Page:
The year 2014 has finally arrived and we have passed through the Killer Moon and are going into the Little Big Winds. The significance of the Killer Moon is that it is the time of the year when it gets very cold and many things will die and I guess that is why the Seminole Indians named it the Killer Moon. It not only pertained to human beings but also to trees, plants and animals, and even fish. So it got the strange name of Killer Moon.
The Killer Moon is followed by the Little Big Winds. During this time, generally, the snow starts melting or is in the full swing of being very, very cold. Today, on the Brighton Indian Reservation, in January, the Little Big Winds has arrived and the weather won’t make up its mind if it is hot or cold.
I live in a chickee hut. It is 40 feet wide and 100 feet long and the peak of the roof, from the floor to the top is 35 feet. And all I can say is brrrrrrrr. For it gets very cold. During the summer time my chickee is excellent. If the temperature is 80 degrees outside it will be 70 degrees inside my chickee hut. During the wintertime, if it is 50 degrees outside the chickee hut, it will be 38 to 40 degrees inside. Let me tell you, it gets very cold.
My chickee hut is traditional. I don’t have any insolation in the roof, so the wind just goes right through it and it keeps very cool. I have to put on extra clothing just to stay warm. I do have two rooms inside the house for the kids, which are insulated, with a heater and everything, so it is fairly warm in there but outside those rooms, you could kill a deer and hang it inside my house for several days and it would not even spoil. It’s that cold.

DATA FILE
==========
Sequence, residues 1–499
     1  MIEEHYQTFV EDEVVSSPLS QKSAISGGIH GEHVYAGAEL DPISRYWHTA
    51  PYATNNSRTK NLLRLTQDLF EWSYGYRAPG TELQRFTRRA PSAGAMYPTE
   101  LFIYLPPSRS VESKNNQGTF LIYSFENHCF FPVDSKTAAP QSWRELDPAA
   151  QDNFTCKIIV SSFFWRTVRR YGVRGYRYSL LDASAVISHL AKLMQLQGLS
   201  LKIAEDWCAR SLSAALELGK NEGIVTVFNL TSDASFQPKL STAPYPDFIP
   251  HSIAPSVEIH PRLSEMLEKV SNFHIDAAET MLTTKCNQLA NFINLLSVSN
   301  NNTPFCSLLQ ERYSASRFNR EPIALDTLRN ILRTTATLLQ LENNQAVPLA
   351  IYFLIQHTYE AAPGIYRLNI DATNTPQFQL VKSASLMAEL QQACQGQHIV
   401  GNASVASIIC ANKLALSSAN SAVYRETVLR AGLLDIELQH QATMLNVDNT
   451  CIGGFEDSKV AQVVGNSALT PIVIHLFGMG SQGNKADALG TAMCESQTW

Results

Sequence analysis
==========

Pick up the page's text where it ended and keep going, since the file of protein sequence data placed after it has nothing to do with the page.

The last time I lived in a chickee hut I was 10 or 11 years old and I don’t recall how cold it was living in a chickee hut, but for us to stay warm, we had to put on a lot of blankets to sleep through the night and then, when we woke up, to stay warm, we would sit out in the sun in the morning to warm up a little bit. Sometimes I could not even move my fingers to button up my shirt, trying to get ready to go to school back in those days.
So I am trying to live the old ways and it is a little difficult because I have become accustomed to four walls, with an air conditioner and a heater. For some unknown reason, I decided to make myself a chickee hut to live in within the last couple years to experience my old ways of living…but, if I had a choice right now, I would revert to the modern days and reminisce about the old days. But it is a lot more comfortable than you would ever dream of.
Sometimes, I see people living out in Northern Georgia or Alabama and I wonder how those people survive, especially when they don’t have any electricity. You even hear about people dying up there because they froze to death. And I can understand why.
I’m glad I live here in Florida, where it does get cold temperatures but where you can stay warm and survive.
James E. Billie is Chairman of the Seminole Tribe of Florida.